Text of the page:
How to help your friends struggling with mental illness

Supporting The Mentally Ill Is More Than Sharing A List Of Things To Live For

The next time you want to comfort them, don't tell them what they need to do; ask what they need.

Depression is something I've struggled with for many years, and that's exactly what it is—a struggle. In light of mental health, I've also seen a lot of pieces aimed at those who are contemplating taking their own life. I'm here to say, though, that making a list of pretty flowers and people to feel guilty about leaving behind isn't going to talk your close friends off of a ledge. If anything, you may be unknowingly driving them to it.

Thankfully, I haven't been in a place where I've tried to take my own life. One of the biggest parts of keeping me from that dark place has been being vocal about my feelings and struggles. I have, however, been in situations where I contemplate what the purpose of life is. You can easily ask this question of others and get a variety of the same few answers: religion, what would my friends and family do when I'm gone, etc. I think it's really easy to tell someone they should back off of that ledge, but I think that many of the reasons we give our loved ones for living are selfish ones. If they have reached the point where they believe that is their only option, they've probably gone through the various consequences in their head and telling them they won't get to see sunflowers isn't going to change their minds.

I realize that this sounds really cynical, but from my own personal experience, I think that there are other, better ways that you can help your loved ones who are struggling. One of the biggest ways you can help them is by noticing signs early. If they aren't keeping regular eating habits, are staying in bed all day, seem to have trouble focusing and keeping conversations, or any other common symptom, it may be your loved one's non-vocal way of showing that something isn't right. What you shouldn't do in this case, though, is talk to them about what they need to do. Don't tell them they need to go get some exercise, eat better food, and be happier. That's the goal, and it's hard enough to accomplish it without outside pressure. In my case, I also don't like when other people try to sympathize with what I'm going through. Don't try to make my problems seem less significant because you've also been "really sad sometimes." Each person is different though, so the biggest help is in just getting to know what your loved one needs from you.

This might sound like I'm telling you not to try to help, but that's not what I'm saying at all. I'm just saying that there are more subtle ways of doing things. For me, I feel better when I can spend time with other people, but without the pressures of social outings. If your friend has been stuck in bed all day, maybe ask if they want to watch their favorite movie. You can even bring the movie to them, and maybe open a blind or two while you're at it. It's the baby steps and knowing that there are people that care for you that help more than anything. Rather than tell a loved one that they need to exercise, maybe suggest going on a walk at a secluded park where they don't have to worry about facing other people. Don't push too hard, because I promise, they're already beating themselves up enough about not being able to get out of bed or eat more than a couple of bites of a granola bar.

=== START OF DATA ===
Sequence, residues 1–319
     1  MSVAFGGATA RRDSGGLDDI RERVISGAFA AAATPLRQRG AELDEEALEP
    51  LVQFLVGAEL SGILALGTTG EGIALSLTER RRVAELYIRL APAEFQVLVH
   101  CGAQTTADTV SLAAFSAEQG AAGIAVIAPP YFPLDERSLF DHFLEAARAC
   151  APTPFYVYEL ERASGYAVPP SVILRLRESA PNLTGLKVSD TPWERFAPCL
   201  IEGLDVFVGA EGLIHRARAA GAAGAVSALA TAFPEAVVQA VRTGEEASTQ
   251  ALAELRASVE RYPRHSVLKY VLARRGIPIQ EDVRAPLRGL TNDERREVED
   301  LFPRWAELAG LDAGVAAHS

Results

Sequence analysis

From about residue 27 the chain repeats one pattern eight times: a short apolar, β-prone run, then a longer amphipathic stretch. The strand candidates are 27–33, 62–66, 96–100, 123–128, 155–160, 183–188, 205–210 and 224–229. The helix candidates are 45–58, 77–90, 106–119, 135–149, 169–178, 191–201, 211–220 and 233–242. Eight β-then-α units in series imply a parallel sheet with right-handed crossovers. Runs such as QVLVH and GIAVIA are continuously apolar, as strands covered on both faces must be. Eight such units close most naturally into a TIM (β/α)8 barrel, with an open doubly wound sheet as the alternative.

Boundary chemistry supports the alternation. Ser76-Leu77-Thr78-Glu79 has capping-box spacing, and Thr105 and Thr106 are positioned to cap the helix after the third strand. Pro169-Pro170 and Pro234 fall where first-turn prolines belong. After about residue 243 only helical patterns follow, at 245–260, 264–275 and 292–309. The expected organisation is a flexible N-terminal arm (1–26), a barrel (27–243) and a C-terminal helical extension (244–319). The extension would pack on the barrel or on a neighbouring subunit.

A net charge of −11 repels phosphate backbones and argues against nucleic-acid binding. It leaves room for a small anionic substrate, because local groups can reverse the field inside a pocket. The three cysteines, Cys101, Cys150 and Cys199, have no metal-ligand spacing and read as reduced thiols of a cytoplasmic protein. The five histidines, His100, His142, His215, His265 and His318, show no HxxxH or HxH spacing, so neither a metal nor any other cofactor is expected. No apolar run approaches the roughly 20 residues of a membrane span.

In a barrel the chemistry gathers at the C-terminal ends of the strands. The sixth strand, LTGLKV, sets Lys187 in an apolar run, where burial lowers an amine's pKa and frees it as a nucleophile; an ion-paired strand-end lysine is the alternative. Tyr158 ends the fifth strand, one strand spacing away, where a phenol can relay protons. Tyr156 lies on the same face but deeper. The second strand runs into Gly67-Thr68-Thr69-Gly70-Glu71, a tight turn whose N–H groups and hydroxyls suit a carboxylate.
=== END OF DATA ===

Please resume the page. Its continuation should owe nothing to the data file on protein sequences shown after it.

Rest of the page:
Depression takes many forms, and it can suck the life out of the most vibrant people. While medication is very helpful to some people, it isn't always the only answer. Nine times out of ten, individuals suffering from depression need a strong and patient support system to show them love and, may I emphasize again, patience throughout their struggles. Fighting your own mind is harder than fighting any opponent, and I would say that those that live with any mental health issues are well aware of this.

So, while we appreciate you showing us a list of 50 things we'll miss out on if we die now, it's not those 50 things that are keeping us here. It's the fact that you kept us in mind and dropped in with a little reminder of your presence in our lives. We may not be the easiest to love at times, but you doing your best to help us do our best, is a worth more than any drug a doctor could prescribe and we thank you for your commitment to us.

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This article has not been reviewed by Odyssey HQ and solely reflects the ideas and opinions of the creator.

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